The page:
I am cis-female. A cis-female who falls into tomboy territory (at times, possibly even crossing into butch territory). I was always more interesting in rescuing the damsels in distress than being rescued as a damsel in distress. And, as I’ve discussed before, when I have fantasies without pregnancy, I have a tendency to take on the “male” roles.
Aside from work (and certain special occasions), I generally stick to practical, plain clothing … which is associated with male behavior (females are expected to look nice when they go out, rather than wear the most practical thing).
However, at work, I deliberately dress as femme. I don’t wear makeup – I draw the line there – but I wear (short) heels, pantyhose, a skirt, a nice blouse, a scarf, and I tie up my hair.
My employer, by the way, does not pressure me to do this. I actually dress more femme than most of my female colleagues. Some of them have even told me, when they see the effort I put into my appearance, that I can lighten it up a bit.
However, to me, femme clothing gives me the freedom to be as tomboyish as I want at work. With femme clothing, I feel that, no matter how much of a tomboy I feel like that day, I can express it, because my femme clothing will balance out any excessively tomboyish behavior. If I wore the type of clothing I wear outside of work, I would feel less free to be myself at work. The femme clothing is a shield – with it, I feel safe, without it, I feel exposed.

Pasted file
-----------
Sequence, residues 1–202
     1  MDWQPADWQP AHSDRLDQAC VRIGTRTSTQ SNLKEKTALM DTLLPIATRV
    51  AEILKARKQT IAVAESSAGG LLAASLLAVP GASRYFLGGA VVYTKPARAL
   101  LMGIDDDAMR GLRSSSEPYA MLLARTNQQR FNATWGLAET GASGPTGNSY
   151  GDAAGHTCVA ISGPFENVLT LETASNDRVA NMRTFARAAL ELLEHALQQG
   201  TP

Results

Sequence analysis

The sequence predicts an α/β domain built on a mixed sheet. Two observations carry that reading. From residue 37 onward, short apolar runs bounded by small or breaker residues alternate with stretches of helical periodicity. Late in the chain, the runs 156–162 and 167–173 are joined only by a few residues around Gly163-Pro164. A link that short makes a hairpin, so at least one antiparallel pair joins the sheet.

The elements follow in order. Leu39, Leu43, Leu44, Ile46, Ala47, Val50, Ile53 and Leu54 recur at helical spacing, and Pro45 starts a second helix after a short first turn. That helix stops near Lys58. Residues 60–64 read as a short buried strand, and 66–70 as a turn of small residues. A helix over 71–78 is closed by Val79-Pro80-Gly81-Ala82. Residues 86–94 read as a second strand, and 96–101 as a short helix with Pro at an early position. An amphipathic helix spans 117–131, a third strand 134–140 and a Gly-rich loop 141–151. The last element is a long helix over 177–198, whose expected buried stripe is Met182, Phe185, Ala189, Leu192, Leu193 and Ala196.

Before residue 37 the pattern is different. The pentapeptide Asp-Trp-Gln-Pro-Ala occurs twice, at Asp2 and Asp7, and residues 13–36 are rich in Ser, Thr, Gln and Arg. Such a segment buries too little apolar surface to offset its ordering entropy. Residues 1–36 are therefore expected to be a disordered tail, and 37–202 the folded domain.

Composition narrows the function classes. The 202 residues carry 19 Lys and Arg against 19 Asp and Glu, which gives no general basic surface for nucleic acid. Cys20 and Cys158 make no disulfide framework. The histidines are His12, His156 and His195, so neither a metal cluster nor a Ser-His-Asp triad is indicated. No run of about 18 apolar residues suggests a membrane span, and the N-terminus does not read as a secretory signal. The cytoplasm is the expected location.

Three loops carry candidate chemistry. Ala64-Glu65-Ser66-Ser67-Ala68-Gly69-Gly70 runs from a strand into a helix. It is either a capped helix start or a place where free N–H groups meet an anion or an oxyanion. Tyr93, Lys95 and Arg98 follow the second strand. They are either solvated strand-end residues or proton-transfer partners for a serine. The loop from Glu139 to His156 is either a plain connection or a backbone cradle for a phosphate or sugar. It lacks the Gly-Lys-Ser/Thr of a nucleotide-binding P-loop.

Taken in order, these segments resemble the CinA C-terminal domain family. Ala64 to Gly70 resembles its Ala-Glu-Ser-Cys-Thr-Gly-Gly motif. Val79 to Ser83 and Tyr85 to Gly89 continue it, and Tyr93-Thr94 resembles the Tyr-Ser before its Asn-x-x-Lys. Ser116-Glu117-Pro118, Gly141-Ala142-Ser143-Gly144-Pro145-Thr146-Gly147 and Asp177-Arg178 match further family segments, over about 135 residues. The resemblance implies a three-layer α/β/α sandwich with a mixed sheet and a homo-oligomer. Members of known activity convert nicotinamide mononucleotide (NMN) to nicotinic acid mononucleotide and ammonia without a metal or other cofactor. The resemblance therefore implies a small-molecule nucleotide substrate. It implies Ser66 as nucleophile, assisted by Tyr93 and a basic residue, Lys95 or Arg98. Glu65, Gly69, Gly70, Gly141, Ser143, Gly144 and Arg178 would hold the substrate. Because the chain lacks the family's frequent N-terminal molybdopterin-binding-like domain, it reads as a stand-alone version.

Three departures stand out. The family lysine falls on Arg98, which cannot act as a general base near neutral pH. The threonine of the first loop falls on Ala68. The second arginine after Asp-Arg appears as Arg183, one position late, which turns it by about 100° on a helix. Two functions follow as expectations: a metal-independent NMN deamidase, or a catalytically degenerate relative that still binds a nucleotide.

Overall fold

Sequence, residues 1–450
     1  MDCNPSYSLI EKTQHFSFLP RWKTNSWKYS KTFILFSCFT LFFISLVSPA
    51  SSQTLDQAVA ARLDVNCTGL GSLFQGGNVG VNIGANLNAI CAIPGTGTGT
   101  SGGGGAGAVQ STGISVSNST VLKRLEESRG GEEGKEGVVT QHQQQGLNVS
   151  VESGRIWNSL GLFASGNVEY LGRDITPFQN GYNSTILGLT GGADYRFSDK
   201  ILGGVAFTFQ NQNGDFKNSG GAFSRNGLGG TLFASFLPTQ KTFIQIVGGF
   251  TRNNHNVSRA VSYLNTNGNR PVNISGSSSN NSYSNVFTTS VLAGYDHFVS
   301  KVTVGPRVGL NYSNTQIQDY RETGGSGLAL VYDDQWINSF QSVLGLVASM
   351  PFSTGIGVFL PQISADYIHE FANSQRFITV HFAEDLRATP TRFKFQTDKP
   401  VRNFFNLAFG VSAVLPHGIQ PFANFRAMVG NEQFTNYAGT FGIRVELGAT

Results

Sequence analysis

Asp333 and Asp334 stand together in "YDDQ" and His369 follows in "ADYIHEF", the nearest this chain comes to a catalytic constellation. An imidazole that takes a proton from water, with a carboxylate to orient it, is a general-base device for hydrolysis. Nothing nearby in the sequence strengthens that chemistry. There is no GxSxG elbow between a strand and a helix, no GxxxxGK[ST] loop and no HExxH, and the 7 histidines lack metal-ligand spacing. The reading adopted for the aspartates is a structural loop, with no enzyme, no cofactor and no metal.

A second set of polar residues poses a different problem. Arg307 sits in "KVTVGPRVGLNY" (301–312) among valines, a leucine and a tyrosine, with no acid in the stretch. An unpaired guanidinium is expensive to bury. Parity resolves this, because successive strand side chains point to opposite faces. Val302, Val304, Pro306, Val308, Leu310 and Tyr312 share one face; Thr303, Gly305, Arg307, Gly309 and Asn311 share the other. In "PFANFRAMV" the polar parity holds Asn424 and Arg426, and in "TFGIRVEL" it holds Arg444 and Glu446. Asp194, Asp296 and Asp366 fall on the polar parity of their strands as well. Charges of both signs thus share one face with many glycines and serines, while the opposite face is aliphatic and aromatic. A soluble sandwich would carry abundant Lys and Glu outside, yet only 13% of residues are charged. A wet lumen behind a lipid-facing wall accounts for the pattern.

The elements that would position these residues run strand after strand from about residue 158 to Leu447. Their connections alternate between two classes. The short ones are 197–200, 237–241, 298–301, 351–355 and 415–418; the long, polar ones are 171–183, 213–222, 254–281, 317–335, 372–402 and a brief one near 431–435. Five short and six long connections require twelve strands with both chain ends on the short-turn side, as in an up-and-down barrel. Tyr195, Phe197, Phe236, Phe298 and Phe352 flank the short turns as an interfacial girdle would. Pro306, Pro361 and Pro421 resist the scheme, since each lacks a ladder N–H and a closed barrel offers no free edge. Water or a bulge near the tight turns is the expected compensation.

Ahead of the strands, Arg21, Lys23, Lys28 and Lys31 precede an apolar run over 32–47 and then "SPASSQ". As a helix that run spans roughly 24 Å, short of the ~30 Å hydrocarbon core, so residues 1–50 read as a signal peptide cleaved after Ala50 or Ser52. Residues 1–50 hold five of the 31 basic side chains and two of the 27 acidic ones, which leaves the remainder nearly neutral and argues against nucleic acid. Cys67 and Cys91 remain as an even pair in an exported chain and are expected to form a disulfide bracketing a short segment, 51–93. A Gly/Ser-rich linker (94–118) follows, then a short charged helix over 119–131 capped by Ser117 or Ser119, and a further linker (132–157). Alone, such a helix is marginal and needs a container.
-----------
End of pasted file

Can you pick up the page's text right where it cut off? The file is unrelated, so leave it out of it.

Perhaps I’m over-thinking this – after all, American women are stereotyped in Taiwanese culture as being tomboyish, and when I show what a tomboy I am Taiwanese people often remark that it’s because I’m American (I don’t think it is, by the way). At the same time, I want to keep my job, and not just for economic reasons – if I lose my job, I also lose my residency, and could be forced to leave Taiwan. Thus, the femme clothing stays.
And, besides, wearing femme clothing is fun. It’s as if I’m disguising myself as a different person. Halloween year-round 😉
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